[1] Virtua.org
[2] OurWorldInData.org — Our World In Data is a project of the Global Change Data Lab, a registered charity in England and Wales.
[3] ShrinkThatFootprint.com — Shrink That Footprint is an independent research group.
[4] Healthline.com — Healthline Media has not endorsed, reviewed, or promoted the fictitious Carbon Footprint Diet.

George Pond

George Pond

Marketing Manager at ecoPreserve, LLC
George Pond brings over 20 years of experience in technical writing, internet development, and social media marketing to ecoPreserve.

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Tools tailored to location and need

Disaster resilience requires a select toolset, identified, adapted, or created as needed based on planning calls and inclusive workshop participation.

Business and government organizations today are confronted by threat categories that range from drought to flood, from fire to hurricane, and extend globally to pandemics and sea level rise. Threat categories are broad and diverse, but ecoPreserve and collaborating organizations design resiliency tools for specific local context.

Local needs are identified and verified. Building from that essential understanding, tools are designed, tested in pilot programs, refined, then implemented through action plans.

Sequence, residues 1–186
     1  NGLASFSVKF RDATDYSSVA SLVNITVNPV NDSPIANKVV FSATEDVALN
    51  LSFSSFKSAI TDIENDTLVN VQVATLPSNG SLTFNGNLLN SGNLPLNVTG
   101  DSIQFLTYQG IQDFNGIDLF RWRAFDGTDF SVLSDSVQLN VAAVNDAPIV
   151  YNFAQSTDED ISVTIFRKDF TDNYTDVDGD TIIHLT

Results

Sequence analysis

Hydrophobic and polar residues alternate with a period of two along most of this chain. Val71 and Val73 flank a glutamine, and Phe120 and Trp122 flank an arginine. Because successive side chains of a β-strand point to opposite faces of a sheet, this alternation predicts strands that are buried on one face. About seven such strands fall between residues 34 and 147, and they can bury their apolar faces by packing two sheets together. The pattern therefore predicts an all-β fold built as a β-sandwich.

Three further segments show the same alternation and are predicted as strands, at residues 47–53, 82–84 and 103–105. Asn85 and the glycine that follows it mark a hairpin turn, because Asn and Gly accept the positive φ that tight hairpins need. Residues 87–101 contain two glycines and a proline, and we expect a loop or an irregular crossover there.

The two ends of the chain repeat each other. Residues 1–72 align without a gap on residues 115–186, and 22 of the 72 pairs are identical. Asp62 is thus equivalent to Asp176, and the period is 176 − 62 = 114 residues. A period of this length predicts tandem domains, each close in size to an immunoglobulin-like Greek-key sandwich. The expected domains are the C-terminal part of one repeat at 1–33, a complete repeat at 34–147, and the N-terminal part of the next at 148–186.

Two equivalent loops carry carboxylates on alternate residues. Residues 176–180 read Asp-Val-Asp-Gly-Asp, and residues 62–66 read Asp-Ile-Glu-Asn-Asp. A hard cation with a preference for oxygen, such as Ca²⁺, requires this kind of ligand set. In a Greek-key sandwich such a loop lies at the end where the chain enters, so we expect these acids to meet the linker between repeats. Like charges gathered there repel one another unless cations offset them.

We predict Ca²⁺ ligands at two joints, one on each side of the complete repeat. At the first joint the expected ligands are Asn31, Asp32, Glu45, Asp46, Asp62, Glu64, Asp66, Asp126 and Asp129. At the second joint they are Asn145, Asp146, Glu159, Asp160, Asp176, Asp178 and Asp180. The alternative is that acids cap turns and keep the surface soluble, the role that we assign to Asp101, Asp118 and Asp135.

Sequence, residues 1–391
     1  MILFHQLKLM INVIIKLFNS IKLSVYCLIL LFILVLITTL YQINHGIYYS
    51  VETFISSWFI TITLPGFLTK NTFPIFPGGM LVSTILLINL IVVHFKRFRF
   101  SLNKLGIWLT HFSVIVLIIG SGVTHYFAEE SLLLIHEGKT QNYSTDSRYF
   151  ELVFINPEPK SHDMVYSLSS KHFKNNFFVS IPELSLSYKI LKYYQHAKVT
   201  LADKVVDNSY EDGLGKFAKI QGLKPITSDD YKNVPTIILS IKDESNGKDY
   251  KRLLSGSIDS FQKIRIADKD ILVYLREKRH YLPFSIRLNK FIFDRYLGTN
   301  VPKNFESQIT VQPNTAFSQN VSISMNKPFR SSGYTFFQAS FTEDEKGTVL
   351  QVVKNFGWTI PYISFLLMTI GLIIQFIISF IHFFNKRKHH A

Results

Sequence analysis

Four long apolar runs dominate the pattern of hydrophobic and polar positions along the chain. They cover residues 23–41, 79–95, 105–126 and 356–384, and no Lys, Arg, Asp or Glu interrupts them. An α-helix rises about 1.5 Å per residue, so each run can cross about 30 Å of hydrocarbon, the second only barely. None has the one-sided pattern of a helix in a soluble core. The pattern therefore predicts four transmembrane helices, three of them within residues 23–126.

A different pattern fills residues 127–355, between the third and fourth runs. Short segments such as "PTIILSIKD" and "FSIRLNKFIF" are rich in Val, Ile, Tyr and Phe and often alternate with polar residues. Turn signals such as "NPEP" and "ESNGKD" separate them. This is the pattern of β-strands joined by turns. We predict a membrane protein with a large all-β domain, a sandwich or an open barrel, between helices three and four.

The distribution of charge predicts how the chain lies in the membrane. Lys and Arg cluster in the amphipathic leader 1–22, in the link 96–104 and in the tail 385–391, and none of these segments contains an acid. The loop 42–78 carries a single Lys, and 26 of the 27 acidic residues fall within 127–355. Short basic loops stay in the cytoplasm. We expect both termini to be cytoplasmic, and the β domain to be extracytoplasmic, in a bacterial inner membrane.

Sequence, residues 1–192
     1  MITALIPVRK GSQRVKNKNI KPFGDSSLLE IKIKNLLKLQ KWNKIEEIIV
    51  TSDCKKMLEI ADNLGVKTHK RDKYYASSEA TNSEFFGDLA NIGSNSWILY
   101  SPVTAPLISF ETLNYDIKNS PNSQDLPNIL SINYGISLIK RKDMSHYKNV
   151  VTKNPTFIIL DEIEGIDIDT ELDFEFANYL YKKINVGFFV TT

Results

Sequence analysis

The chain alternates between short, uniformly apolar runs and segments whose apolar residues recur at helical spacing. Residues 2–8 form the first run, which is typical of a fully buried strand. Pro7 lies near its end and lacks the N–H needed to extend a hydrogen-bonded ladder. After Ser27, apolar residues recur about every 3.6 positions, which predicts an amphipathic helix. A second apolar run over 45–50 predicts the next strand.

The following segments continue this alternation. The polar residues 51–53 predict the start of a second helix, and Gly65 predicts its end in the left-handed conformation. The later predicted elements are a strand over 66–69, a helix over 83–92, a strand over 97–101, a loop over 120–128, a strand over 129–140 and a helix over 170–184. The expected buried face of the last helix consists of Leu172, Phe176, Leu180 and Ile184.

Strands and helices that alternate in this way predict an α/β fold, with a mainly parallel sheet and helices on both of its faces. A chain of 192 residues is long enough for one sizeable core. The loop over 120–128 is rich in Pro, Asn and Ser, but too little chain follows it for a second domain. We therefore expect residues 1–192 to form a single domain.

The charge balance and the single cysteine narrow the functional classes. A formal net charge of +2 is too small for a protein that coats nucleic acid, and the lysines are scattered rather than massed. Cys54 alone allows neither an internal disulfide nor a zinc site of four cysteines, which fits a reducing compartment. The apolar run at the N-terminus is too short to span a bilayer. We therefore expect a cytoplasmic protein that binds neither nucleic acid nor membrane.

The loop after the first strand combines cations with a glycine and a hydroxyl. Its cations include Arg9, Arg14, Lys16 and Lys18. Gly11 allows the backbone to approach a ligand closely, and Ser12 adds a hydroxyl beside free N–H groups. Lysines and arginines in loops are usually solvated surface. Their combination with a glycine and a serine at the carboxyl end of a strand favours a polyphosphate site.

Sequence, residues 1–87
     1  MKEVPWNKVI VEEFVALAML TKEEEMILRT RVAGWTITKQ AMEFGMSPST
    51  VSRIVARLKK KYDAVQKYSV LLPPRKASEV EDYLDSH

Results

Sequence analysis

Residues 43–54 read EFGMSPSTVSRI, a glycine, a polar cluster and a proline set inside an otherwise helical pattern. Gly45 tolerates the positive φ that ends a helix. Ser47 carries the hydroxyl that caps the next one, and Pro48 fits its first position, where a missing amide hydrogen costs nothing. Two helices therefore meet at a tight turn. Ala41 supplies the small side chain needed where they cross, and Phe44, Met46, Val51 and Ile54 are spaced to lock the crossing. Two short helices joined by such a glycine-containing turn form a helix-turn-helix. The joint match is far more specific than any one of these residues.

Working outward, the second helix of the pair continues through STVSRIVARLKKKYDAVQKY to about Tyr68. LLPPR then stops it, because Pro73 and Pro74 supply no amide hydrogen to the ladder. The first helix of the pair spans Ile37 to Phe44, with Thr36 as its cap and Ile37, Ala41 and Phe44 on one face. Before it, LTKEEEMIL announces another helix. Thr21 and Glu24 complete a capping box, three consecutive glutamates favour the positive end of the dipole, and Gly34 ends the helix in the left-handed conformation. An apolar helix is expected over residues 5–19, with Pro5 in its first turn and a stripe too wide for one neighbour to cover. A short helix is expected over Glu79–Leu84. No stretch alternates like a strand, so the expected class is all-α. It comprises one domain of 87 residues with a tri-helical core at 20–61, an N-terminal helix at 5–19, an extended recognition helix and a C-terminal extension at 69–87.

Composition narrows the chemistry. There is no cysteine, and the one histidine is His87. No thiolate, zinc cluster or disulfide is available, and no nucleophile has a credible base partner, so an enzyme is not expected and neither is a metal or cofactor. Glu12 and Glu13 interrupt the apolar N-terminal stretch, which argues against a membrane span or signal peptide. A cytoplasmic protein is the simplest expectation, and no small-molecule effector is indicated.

AWARE of CDC and NIH guidelines

The Baseline Property Condition Assessments described in ASTM E2018-15 do not specify consideration of infectious disease transmission concerns. In a pandemic and post-pandemic environment, that inspection and documentation is essential.

Buildings open to the public must comply with local regulations. For best results and greatest public acceptance, any planning for building repairs and maintenance should not overlook current CDC and NIH guidelines.

Optionally, ecoPreserve's can assist with a comprehensive GBAC STAR™ Accreditation which extends beyond the building to include the goals, actions, equipment, and supplies needed to implement best practices for outbreak prevention, response, and recovery.

Today's challenges/
tomorrow's potential

ecoPreserve collaborates with major community and private organizations in optimizing the resiliency and resource efficiency of their workplaces, venues, and public spaces.

In response to ever-increasing environmental, sociopolitical, and public health challenges, we advocate for and participate in assessment and planning actions that directly address disaster preparations, recovery activities, infrastructure improvements, and smart building/city design.

Online and in-person workshops

ecoPreserve designs and leads workshops in varied formats, to achieve varied goals.

Often an event is held for skill and knowledge development, but some needs of an organization or community are better resolved through collaboration to identify requirements and to design solutions. A range of Disaster Resilience workshops are available for solutions planning and development, as well as for training and communication.

Disaster Planning and Recovery Workshops

  • Identify technical and business process gaps
  • Define stakeholders, recovery teams, and processes/functionalities necessary for operation
  • Highlight missed expectations from a data loss and recovery time perspective
  • Address compliance with regulatory agencies and industry standards
Here's how to request further information. Thank you for reaching out!

Here's how to request further information. Thank you for reaching out!

Facility Condition Report